MG: Yeah, a lot of them do, but unfortunately, not many follow through. You see, when you work on an animated feature or a TV show youíre a cog in a big wheel. Itís hard to really have a voice. Sure, itís great to make a contribution and, in many ways, it can be very rewarding. But in the end, personal expression has to give way to the collaborative effort. I have a lot of personal work I want to create in my lifetime and thatís why itís important for me to branch out on my own.

NRAMA: Have you showed this to anyone you work with?

MG: I always share my work with my peers. I canít help it. I have such a high level of enthusiasm for all the projects I work on.

NRAMA: How did you get the Batman gig?

MG: I got an email from Batman editor Matt Idelson around Christmas 2001. He asked me if I would like to do a project for DC. I told him Iíd like to do a 40-page Batman story. I asked him to let me have complete control over the thing and he agreed. Matt took a big gamble with me because I had never done any superhero work before. What came out of the experiment was probably one of the strangest Batman story to see print. It was very controversial with the fans and it seemed like a lot of people wanted my head on a stick for doing something so outrageous. The fact that the story ran in a very mainstream title such as Detective Comics didnít help the matter.

NRAMA: What was that experience like?

MG: I loved doing the piece and truly enjoyed the freedom I was given. If I can ever make a deal with DC, I would love to publish all five parts in a collected edition. Iíd do an additional 16 pages to wrap up the story properly, write an intro and maybe put a little sketch gallery at the end. The story might not have been a hit with the Batman crowd but my fans loved it. I bought a hundred sets of all five issues to sell on my site and they were gone in no time. I constantly get asked when the collected edition is coming out.

NRAMA: Any big affinity for superheroes?

MG: I grew up reading superheroes and I have great affection for the silver age of comics which I still collect. I love all the Kirby and Ditko stuff. As far as the current stuff, I do pick up 3 or 4 titles a month. Currently, Iím really enjoying the Waid/Wieringo run on FF and Amazing Spider-Man by Straczynski and Romita Jr.

NRAMA: You were at the Emerald City Comicon this year Ė how was that for you?

MG: Last Februaryís Emerald City Comicon was incredible. I had a constant line throughout the day and we virtually sold out everything we had there. It surpassed my expectations by quite a bit.

NRAMA: Always a plus for a creator at a con. Talking about you more personally, where did you grow up?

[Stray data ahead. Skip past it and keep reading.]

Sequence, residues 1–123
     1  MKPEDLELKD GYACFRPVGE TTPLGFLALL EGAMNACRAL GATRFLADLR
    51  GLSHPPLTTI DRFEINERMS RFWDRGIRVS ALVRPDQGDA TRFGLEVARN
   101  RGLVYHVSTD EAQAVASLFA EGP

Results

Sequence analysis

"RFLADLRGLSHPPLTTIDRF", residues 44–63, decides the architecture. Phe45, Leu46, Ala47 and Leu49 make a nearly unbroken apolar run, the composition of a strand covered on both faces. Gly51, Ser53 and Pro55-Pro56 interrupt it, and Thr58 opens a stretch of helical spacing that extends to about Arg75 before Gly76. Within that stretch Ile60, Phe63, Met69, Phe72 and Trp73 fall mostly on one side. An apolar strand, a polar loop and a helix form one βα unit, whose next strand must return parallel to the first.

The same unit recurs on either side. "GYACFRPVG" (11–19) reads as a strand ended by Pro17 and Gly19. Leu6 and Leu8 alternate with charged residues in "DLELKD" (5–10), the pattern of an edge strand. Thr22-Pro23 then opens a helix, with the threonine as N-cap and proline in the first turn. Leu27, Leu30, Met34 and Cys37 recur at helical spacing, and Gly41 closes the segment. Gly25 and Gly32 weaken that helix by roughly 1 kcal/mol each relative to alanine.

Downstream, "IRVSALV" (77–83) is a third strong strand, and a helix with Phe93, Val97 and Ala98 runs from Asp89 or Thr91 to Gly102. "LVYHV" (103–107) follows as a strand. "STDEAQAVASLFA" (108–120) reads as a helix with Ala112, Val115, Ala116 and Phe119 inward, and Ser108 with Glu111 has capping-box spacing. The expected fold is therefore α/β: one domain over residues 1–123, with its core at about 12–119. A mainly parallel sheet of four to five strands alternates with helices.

MG: I grew up in a small town called St-Fťlicien in Quťbec, Canada and moved to Quebec City when I turned 12.

NRAMA: What was your childhood like?

MG: I had a difficult childhood. I was sick a lot and spent most of my first nine years in the hospital. I had such an acute asthma condition that the doctors didnít think Iíd live past the age of 10. I had to deal with the divorce of my parents which literally sent them both over the edge. Another trauma growing up was the loss of my right eye at the age of 12. Iím currently doing a graphic novel called My Insane Childhood which will go into all that and a lot more.

NRAMA: How did you lose your eye?

MG: My brother and I were at a friendís house playing with a BB gun. My brother pointed the gun at me, thinking it was empty, and ďbamĒ, I suddenly felt this thing going inside my head. When I opened my eyes, my vision was blurry and I could see red everywhere. I could feel liquid on my right cheek from my eye draining. I was pretty much in a state of shock. I was rushed to the hospital where I spent three hours on the operation table, in critical condition. A dart - which is much more deadly than a BB - had pierced my right eye and lodged itself millimeters from my brain. I was lucky to survive.

NRAMA: And yet Ė youíre an artist. How did the loss of your eye affect that?

MG: The loss of an eye altered my whole visual perception. I donít see depth anymore. I think this is reflected in my art and has influenced how I draw. Depth and perspective have made way to the interplay of negative/positive shapes. I never ďconstructĒ drawings. Instead, I arrange shapes and lines in an instinctive manner to achieve the desired effect.

NRAMA: Canít finish things up without a touch on your day job - is 2D animation out in Hollywood?

MG: I hope not. I think that 2D animation is still at its infancy stage. There is so much more to be done. Now, Iím not sure that 2D will ever dominate the animation scene like it has in the past but hopefully it will always have a piece of the pie along side stop-motion and CGI. You know, photography didnít kill painting, but it forced it to re-invent itself. Iím hoping the same is true here.

Check out Michel Gagneís site at: